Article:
Research shows that the interactions between pesticides, tillage and fertilisation are complex with respect to effects on the myriad of life forms in the soil. Such interactions should be considered in risk assessment of pesticides.
Humans and earthworms have a common interest: the soil. To earthworms and multiple other organisms the soil is home and a food source. For humans, too, the soil is a source of food, through production of edible crops or crops for livestock feeding.
Soil cultivation includes tillage, addition of nutrients via mineral fertilisers or manure, and (on conventionally managed farms) pesticide use. How are earthworms and other organisms in the soil affected by pesticides? Are these effects simple, or are they modified by other management factors?
With support from the pesticide research program of the Danish Environmental Protection Agency (EPA), researchers from Aarhus University have studied this in the setting of a long-term tillage experiment. Micro-arthropods and microbial indicators were monitored during two cropping seasons of winter wheat populations of earthworms. Other aspects, including leaching potential, soil structure and decomposition of crop residues, were examined under laboratory conditions.
The results have been published in a report from the Danish EPA and confirm that the effects of pesticides are significantly affected by management practices.
Efficient processing of crop residues and fertiliser input are important for the crop production in agriculture. Soil-dwelling organisms play a key role for these processes which maintain soil fertility, as well as physical and chemical properties of soils.
Pesticide use may influence the soil negatively if key functions are disturbed. Risk assessment of pesticides is therefore necessary, but should take into account the specific application.
Management practices other than pesticide application also influence soil organisms and their activity. Interactions between management practices should be taken into account when evaluating pesticide effects, the report concludes. The authors recommend evaluation of pesticides in test systems that also consider factors other than the direct exposure to a pesticide in connection with risk assessment.
Fertilisation and tillage modify pesticide effects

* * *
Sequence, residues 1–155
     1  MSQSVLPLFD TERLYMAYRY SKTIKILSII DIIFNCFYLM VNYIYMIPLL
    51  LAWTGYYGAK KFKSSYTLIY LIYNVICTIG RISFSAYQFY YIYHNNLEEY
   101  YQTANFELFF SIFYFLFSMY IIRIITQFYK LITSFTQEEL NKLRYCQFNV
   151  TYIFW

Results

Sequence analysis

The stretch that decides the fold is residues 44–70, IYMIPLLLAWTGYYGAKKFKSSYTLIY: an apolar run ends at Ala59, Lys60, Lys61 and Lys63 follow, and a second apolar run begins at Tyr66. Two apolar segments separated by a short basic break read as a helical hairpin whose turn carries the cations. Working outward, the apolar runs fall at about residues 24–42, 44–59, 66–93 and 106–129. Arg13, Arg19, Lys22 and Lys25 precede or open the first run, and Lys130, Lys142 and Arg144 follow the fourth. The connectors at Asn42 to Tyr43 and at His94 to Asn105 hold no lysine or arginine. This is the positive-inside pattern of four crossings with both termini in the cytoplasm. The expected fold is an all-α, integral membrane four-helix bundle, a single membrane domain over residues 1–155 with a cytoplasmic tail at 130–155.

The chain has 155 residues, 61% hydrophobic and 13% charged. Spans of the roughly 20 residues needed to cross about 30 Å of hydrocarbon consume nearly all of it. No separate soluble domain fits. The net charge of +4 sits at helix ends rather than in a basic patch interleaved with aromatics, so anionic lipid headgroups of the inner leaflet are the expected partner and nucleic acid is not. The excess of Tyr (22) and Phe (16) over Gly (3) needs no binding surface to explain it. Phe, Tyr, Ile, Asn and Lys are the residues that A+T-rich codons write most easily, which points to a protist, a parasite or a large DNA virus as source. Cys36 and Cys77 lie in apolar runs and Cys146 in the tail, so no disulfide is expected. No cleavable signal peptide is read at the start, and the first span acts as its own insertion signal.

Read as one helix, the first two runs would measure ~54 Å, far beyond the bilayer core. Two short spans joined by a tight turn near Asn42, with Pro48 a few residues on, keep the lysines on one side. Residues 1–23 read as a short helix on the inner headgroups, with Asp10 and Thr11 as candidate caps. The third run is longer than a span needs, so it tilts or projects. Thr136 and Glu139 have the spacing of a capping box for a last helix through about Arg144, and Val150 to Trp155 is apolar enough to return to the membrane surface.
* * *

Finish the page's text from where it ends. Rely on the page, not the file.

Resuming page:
In the study, the choice of tillage method and nitrogen source exhibited many significant interactions with pesticide effects on the number and activity of soil organisms. A considerable seasonal and annual variation was also observed.
– The study shows that simple test systems with exposure of single organisms convey an incomplete picture of pesticide effects. Knowledge about interactions between pesticide application and other management practices may help improve our understanding of the fate and effects of pesticides in natural environment, according to the report.
The researchers used a long-term tillage experiment at AU Foulum, the research centre of Aarhus University in Tjele, for the study. The researchers studied pesticide effects in both moldboard ploughed soil and directly seeded (no-till) soil. Either mineral fertiliser or cattle slurry was applied to the soil and either a fungicide or an insecticide, or both. All combinations of these treatments were included in the study which had in total 20 different treatments, all in four replicates.
Following the spring application of pesticides, and again after the winter wheat harvest in September, the researchers quantified populations of earthworms, springtails, mites, and microbial populations in the soil. They also examined nitrification potential, leaching risk, and several other aspects.
– The study confirmed that that there are significant interactions between management factors, including pesticide application, with respect to effects on soil organisms. There are many sources of variation, and the disturbance of tillage alone may be greater than the effects of pesticides, says senior researcher Søren O. Petersen from the Department of Agroecology. He states that the results have no direct implications for the current use of pesticides, but show that the authorities should be critical about the documentation offered on pesticide effects.
Senior researcher Søren O. Petersen